The part about "Obsessed" that most immediately commands attention is the set design. The military families in this film live in a distinctly American styled backdrop. Everything, from their clothing to their houses to the way they spend their free time, appears determined to mimic the lifestyles of Americans living in that same time period. Couple that with the backdrop of the Vietnam War, and the parallel becomes rather unmistakable.
There is one crucial difference, though. American culture has developed its own theories as to why the bourgeois life of those bygone days was so miserable. Mostly it just boils down to hypocrisy and emotional suppression, typically focused on sexual mores. Even though "Obsessed" is at its most basic level a story of an extramarital love affair, the film largely escapes these trappings. We never get the sense that the society these characters live in is wrong, so much as it is soul-crushing for the two specific people who are our main characters.
Jin-pyeong (played by Song Seung-heon) is a man who works to suppress his own emotions, most relevantly ennui. When Ga-heun (played by Lim Ji-yeon) enters his life, there isn't really a crackle of intimacy or attraction that sets them off toward love. It's more that they just share the same regret at having chosen to enter into lives that they really don't enjoy, and for which there's no foreseeable escape.
What makes the narrative thread in "Obsessed" so intriguing is that it's not outside forces who are destroying Jin-pyeong and Ga-heun so much as it is their unwillingness to cause trouble to the other people in their lives- men and women who are, for the most part, friendly and kind. In one memorable scene, a third party detects their affair, and surprisingly, is actually supportive of it. There's never any real serious risk that society will shun these two for breaking morality boundaries.
This lack of outside influence does wonders to enhancing the sex scenes- there's only a few of them, but the passion is palpable. Jin-pyeong and Ga-heun are horribly alone, but even in their weakest moments they aren't selfish. Note the effort they go to in order to insure that their partner enjoys themselves. Note the concessions they make even in their extramarital love affair. They only want to give love and be loved in return. That's what makes these moments of escape so poignant- these two people only care about being good human beings, and director Kim Dae-woo recognizes that.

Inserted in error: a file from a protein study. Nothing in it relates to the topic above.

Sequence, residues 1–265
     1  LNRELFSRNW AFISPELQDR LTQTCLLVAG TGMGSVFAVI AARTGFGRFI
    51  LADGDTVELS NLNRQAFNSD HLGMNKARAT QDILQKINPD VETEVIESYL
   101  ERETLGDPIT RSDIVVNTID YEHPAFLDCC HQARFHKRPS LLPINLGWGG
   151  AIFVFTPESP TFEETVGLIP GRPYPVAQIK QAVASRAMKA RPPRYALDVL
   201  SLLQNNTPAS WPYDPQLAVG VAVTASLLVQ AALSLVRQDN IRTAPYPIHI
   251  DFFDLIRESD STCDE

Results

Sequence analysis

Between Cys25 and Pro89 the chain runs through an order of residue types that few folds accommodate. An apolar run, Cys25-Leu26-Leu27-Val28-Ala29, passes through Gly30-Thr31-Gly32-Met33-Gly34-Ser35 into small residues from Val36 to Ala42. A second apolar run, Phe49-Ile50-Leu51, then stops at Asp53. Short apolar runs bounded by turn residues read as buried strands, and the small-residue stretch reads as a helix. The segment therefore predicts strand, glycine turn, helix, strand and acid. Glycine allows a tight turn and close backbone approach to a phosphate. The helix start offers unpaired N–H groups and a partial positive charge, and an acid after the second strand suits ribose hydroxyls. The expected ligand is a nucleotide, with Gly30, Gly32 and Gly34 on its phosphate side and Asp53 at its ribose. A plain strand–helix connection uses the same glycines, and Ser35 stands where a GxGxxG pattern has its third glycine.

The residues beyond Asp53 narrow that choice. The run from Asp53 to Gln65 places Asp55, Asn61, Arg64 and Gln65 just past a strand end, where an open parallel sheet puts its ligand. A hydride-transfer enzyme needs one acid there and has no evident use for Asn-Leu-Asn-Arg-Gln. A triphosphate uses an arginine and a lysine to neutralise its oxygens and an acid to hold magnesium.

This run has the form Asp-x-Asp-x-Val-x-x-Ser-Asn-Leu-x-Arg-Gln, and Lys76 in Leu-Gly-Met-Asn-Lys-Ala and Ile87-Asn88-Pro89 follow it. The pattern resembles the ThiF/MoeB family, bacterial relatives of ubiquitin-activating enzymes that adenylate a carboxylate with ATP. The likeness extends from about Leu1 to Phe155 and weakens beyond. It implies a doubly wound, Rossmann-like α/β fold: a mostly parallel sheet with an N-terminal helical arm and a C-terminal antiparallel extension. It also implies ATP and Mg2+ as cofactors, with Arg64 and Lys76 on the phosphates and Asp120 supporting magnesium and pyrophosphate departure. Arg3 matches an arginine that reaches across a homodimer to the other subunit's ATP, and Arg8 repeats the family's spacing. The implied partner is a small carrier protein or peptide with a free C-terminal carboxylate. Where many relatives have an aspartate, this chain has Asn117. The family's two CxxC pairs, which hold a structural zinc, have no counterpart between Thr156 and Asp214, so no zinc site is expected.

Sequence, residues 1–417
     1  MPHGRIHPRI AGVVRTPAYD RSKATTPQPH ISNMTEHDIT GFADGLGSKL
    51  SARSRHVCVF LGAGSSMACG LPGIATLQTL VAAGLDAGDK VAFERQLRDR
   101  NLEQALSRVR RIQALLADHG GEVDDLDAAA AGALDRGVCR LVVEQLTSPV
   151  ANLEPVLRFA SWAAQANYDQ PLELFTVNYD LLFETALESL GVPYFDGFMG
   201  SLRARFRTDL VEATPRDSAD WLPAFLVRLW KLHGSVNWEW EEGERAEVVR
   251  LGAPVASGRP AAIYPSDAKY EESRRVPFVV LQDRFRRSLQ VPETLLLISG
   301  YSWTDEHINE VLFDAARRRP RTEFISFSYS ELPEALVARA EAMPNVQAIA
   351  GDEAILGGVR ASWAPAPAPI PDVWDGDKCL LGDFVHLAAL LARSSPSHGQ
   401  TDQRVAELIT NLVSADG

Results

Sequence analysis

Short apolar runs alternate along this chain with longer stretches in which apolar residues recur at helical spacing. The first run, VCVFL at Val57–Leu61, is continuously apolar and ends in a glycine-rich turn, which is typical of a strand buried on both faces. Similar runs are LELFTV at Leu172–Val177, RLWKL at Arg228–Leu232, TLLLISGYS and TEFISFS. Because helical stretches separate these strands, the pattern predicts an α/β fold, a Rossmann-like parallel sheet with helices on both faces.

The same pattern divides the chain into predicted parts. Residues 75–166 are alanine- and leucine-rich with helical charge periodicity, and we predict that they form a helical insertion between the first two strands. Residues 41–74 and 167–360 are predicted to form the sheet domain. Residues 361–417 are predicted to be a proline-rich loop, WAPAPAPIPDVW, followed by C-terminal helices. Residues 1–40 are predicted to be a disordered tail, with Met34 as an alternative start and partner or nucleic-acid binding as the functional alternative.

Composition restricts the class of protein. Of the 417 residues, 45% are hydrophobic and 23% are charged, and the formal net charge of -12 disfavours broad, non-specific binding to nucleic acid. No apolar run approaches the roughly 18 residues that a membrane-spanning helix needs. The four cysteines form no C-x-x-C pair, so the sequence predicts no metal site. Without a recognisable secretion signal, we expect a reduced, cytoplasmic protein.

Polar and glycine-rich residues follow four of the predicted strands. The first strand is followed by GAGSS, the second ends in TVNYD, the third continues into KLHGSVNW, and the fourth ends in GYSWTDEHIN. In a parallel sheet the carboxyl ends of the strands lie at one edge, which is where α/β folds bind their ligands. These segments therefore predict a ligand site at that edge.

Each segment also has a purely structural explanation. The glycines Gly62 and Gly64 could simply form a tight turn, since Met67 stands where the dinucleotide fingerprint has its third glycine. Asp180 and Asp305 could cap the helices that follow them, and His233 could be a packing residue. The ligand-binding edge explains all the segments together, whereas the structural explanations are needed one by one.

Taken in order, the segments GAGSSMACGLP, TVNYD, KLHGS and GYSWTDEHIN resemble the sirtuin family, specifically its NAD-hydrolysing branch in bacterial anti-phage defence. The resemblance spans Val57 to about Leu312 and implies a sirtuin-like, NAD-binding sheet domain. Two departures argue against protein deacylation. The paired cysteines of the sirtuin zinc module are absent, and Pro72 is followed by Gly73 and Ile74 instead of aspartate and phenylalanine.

A word of warning- while "Obsessed" bills itself as being a movie about love and forbidden passion, most of the runtime is spent building up the ennui. It can get quite boring at spots, even if it all ties together well enough. The literal Korean title translates as human addiction, and there's a double meaning there. Jin-pyeong and Ga-heun are less addicted to each other as they are to the human social contract. Perhaps that's why the design is so quintessentially American. Nothing communicates people behaving unnaturally for the sake of social standards as a bunch of Koreans dressed up in American trappings that we ourselves abandoned long ago.
Review by William Schwartz
Staff writer. Has been writing articles for HanCinema since 2012, having lived in South Korea since 2011. Started out in Gyeongju, then to Daegu, then to Ansan, then to Yeongju, then to Seoul, lived on the road for HanCinema's travel diaries series in the summer of 2016, and is currently settled in Anyang. Has good tips for utilizing South Korea's public bus system. William Schwartz can be contacted via firstname.lastname@example.org.
"[HanCinema's Film Review] "Obsessed""
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